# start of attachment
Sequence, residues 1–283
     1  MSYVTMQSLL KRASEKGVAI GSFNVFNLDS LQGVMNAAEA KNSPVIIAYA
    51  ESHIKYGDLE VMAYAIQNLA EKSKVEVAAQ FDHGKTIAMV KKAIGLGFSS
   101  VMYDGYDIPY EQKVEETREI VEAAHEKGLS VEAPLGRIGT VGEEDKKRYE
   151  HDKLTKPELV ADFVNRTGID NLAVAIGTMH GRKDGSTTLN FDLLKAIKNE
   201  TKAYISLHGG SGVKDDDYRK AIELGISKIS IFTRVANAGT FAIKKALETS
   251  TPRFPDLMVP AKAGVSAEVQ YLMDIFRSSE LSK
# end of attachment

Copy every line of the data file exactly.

Sequence, residues 1–283
     1  MSYVTMQSLL KRASEKGVAI GSFNVFNLDS LQGVMNAAEA KNSPVIIAYA
    51  ESHIKYGDLE VMAYAIQNLA EKSKVEVAAQ FDHGKTIAMV KKAIGLGFSS
   101  VMYDGYDIPY EQKVEETREI VEAAHEKGLS VEAPLGRIGT VGEEDKKRYE
   151  HDKLTKPELV ADFVNRTGID NLAVAIGTMH GRKDGSTTLN FDLLKAIKNE
   201  TKAYISLHGG SGVKDDDYRK AIELGISKIS IFTRVANAGT FAIKKALETS
   251  TPRFPDLMVP AKAGVSAEVQ YLMDIFRSSE LSK